Selective Internal Radiation Therapy (SIRT)
Targeted Treatment for Inoperable Liver Cancer
The University of Maryland Marlene and Stewart Greenebaum Comprehensive Cancer Center (UMGCCC) in Baltimore offers a treatment for inoperable liver cancer known as Selective Internal Radiation Therapy (SIRT).
SIRT is a non-surgical, outpatient therapy that uses radioactive microspheres, called SIR-Spheres®, to deliver radiation directly to the site of the liver tumors. This unique, targeted therapy spares healthy tissue while delivering up to 40 times more radiation to the liver tumors than would be possible using conventional radiotherapy.
Our physicians are very experienced at using microscopic beads to treat inoperable liver cancer. In 2000, UMGCCC was the first center in the nation to successfully perform liver-directed therapy with TheraSpheres — which used microscopic glass beads to deliver radiation to liver tumors. SIR-Spheres, developed by the Sirtex Medical, was approved by the U.S. Food and Drug Administration in 2002 for patients with primary colorectal cancer that has spread to the liver. It is the latest of a wide range of liver-directed therapies we offer to best meet our patients' needs.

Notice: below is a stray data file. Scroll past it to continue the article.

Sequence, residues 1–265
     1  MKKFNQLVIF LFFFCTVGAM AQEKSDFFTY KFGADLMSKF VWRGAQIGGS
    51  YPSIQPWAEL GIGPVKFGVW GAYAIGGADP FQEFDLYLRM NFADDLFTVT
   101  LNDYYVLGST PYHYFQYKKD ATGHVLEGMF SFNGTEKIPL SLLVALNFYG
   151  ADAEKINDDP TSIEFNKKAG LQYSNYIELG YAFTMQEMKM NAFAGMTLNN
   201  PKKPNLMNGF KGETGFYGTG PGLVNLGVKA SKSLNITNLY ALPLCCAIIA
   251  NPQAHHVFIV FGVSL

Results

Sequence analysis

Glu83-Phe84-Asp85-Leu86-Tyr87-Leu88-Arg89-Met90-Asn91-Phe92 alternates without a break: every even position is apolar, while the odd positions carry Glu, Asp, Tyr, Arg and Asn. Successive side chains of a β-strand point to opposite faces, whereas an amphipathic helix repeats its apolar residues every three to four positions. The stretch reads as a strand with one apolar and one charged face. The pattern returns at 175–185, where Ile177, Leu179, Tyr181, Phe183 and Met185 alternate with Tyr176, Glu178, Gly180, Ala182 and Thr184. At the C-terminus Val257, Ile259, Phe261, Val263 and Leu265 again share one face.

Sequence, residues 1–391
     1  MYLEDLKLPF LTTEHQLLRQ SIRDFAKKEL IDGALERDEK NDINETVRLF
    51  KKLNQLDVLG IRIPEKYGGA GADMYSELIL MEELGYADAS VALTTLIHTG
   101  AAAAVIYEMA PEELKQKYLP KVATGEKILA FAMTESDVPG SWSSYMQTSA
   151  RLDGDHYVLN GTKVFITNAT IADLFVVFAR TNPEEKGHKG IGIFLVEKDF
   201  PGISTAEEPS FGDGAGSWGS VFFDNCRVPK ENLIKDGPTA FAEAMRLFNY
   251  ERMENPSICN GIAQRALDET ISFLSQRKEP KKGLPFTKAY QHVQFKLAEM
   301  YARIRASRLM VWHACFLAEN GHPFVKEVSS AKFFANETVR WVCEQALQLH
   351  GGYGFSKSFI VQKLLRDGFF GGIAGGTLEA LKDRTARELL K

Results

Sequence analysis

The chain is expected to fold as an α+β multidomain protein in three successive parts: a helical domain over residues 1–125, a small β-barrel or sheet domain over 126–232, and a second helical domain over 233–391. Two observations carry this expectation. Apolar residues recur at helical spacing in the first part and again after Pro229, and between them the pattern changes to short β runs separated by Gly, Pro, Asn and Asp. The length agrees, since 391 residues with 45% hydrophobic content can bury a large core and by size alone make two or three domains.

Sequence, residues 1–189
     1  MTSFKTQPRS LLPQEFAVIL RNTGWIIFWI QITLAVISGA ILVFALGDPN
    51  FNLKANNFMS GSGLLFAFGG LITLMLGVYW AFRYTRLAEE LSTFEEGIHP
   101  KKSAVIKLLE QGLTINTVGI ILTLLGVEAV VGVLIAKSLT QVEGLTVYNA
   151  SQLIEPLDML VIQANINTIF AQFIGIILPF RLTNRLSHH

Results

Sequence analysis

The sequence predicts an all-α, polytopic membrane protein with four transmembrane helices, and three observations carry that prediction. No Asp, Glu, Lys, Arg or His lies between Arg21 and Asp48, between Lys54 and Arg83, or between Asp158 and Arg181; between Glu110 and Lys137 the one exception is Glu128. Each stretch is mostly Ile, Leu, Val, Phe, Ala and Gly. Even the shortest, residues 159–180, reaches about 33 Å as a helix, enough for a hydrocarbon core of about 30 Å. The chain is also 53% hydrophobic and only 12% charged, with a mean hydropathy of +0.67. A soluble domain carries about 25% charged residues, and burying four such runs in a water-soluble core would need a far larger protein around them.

Our Liver-Directed Therapies Program includes a full array of treatment options for patients with primary and metastatic liver cancer. In addition to SIRT and traditional surgery, chemotherapy and radiation approaches, these treatment options include:
- Radiofrequency ablative therapy
- Stereotactic Body Radiotherapy
Treatment with SIR-Spheres is generally not regarded as a cure. However, when combined with chemotherapy, SIR-Spheres has been shown to shrink liver cancer more than chemotherapy alone. This can increase patients' life expectancy and improve their quality of life. In some cases, SIR-Spheres shrinks patients' tumors down to the size where surgery becomes a possible treatment.